Summary: Jesus points out some of the ways that the Pharisees, Herodians, and Sadducees are not interpreting the Word right.
Three Common Misuses Of The Bible:
1. The highest use of your Bible knowledge is winning a theological argument.
- For many people, the ultimate use of their Bible knowledge is the ability to show others (both Christians and non-Christians) that “I’m right and you’re wrong.”
- We use the Bible as a weapon – not to win spiritual warfare, but to beat down others.
- Here in this story in Matthew 22 the Pharisees and Herodians lay a trap for Jesus to make sure that someone defeats Him in public theological arguing. Both groups have tried separately to beat Jesus in theological jousting, only to walk away defeated. So, they combine their efforts to ensure (they think) that they can win.
- The reason they think they’ll win is that the presence of both groups presents Jesus with a difficult situation.
- If Jesus says, “Don’t pay your taxes to Caesar,” then the Herodians will pounce. They believe that the Jewish people should be loyal to the Roman government. (They were considered compromisers by many other Jews.) Their name reflects the fact that they were in league with Herod. If Jesus says that Jews shouldn’t pay taxes to Caesar, the Herodians will take that statement to the ruling authorities and paint Jesus as a dangerous man bent on insurrection. This would likely lead to His arrest.
- On the other hand, if Jesus says, “Pay your taxes to Caesar,” then the Pharisees will pounce. They believe that the Roman government is illegitimate and that the Jewish people are meant by God to rule themselves. If Jesus says that Jews should pay taxes to Caesar, the Pharisees will shout that knowledge to the people who are sympathetic to their view and paint Jesus as a compromiser and stooge of the Roman government.
- As they planned this ahead of time, I’m sure they thought their plan presented Jesus with a “no-win” situation.
- The interesting thing to me here as far as what we’re talking about this morning is how these two groups who normally despised the other came together specifically to win this theological argument.
- They weren’t interested in learning or revealing the truth of God – they just wanted to figure out a way to win this theological argument.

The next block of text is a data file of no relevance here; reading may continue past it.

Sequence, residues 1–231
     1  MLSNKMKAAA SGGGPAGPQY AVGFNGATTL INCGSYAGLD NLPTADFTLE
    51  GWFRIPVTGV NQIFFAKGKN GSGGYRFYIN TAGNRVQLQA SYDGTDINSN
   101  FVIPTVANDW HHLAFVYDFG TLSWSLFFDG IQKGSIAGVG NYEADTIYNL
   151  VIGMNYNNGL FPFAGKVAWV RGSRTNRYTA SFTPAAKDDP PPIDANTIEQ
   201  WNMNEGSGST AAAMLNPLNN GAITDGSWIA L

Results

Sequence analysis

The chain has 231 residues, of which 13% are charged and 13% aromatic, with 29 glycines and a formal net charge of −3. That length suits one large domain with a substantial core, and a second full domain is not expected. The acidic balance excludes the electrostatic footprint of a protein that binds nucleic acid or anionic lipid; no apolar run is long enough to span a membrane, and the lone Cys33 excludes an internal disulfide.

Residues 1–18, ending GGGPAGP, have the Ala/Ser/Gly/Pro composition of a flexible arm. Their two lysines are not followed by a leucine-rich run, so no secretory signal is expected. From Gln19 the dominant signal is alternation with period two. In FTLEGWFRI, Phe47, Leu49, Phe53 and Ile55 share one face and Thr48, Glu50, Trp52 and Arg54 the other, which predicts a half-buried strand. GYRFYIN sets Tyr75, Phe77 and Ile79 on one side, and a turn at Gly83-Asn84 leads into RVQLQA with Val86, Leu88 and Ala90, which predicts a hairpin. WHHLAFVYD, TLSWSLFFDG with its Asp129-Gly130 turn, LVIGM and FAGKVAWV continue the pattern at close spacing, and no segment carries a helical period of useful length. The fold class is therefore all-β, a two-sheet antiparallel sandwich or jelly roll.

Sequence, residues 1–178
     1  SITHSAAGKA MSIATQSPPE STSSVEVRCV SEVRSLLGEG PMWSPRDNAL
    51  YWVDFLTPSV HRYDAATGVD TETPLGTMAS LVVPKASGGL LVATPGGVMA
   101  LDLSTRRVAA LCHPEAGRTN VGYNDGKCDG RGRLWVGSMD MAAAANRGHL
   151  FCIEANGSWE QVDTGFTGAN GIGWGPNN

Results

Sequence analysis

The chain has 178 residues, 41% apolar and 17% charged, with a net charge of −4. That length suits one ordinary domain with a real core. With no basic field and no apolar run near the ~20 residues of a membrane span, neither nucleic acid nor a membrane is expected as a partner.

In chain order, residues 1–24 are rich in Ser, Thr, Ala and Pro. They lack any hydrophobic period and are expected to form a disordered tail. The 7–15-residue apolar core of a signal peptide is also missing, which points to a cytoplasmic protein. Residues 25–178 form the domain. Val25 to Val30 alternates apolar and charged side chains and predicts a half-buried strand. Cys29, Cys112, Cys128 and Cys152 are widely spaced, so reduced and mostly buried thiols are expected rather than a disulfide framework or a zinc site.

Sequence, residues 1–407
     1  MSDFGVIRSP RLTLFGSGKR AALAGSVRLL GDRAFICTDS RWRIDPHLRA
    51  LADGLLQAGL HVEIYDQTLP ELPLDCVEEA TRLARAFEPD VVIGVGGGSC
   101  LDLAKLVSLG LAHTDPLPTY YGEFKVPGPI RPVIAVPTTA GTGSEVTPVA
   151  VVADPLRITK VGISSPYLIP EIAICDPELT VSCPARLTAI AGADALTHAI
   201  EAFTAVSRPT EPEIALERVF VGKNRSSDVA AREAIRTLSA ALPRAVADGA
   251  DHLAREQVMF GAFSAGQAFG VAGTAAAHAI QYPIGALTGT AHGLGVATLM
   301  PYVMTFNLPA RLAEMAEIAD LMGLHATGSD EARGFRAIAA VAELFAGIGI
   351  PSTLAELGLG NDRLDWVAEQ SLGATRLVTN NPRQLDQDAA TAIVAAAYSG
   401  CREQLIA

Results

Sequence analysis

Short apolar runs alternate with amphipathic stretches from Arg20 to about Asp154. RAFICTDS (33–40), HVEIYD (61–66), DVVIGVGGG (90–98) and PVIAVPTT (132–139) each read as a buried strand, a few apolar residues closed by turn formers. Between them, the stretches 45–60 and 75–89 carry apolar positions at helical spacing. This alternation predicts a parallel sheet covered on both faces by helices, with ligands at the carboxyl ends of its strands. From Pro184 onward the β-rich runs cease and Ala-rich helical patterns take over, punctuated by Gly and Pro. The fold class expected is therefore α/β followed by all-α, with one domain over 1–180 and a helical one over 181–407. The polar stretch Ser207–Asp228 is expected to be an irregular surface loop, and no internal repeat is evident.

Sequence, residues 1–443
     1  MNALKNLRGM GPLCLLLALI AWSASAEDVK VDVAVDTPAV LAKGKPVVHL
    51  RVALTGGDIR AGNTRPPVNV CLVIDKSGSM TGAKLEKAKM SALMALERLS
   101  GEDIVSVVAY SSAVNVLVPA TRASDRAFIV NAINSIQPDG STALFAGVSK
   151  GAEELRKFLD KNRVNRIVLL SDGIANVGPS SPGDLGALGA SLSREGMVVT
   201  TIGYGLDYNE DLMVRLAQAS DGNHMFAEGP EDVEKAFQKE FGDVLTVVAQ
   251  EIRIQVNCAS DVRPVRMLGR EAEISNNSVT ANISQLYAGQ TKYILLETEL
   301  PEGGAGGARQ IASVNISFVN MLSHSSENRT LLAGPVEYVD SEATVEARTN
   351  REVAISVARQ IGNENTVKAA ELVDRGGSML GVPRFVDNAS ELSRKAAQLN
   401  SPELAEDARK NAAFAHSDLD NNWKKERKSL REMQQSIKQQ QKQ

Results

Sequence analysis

- Today, an all-too-common pastime among Christians is to spend their time together fighting with each other over who is right.
- I remember talking to a man who worked at the plants in South Charleston who said every day at lunch the Christians from various denominations would inevitably stumble into some theological debate and spend the remainder of the hour explaining why the other person was wrong.
- While those believers seem to think that was an entertaining and productive use of their time, for the non-Christians there in that lunchroom, it makes Christianity into something they want no part of. It wasn’t a life-changing source of hope – it was a cumbersome series of propositions to be argued and defended.
- The Baptists explain why the Methodists are wrong to deny eternal security.
- The Pentecostals explain why the mainline is wrong to deny supernatural spiritual gifts.
- The Church of Christ explains why everyone else is wrong on everything.
- We rarely convince other Christians to change their minds, but in the process we convince non-Christians to change their minds about salvation.
- And we act like we’re doing God’s will in the process.
2. If you can’t win your argument, at least you can live smugly in knowing your airtight theological arguments are right.
- Later that day, the Sadducees came to Jesus and presented one of their “proofs.” It was an argument showing that their belief that there is no resurrection was undeniably true. This was obviously an airtight case that they often repeated. To believe other than they did would turn heaven into a polygamous mess.
- Jesus, of course, had something else to say (and we’ll get into that in a while).
- What strikes me here is that this way of speaking is the way we often talk amongst ourselves (people within our theological tradition). We lay out our wonderfully constructed proofs of our theological take on certain issues and our fellow church members praise our undeniable explanations.
- It’s not genuine debate we’re after or an honest exchange of ideas that we want – we’re just looking for better arguments to prove what we already think. It allows us to rest smugly in our rightness.
3. You can maintain your smugness by never leaving the comfort of your favorite parts of the Bible.
- Jesus here takes the initiative to lay out a question to the Pharisees.
- What’s going on here? Jesus gets them to acknowledge that the Messiah is the Son of David, yet David himself refers to the Messiah as Lord. They have no answer to explain this.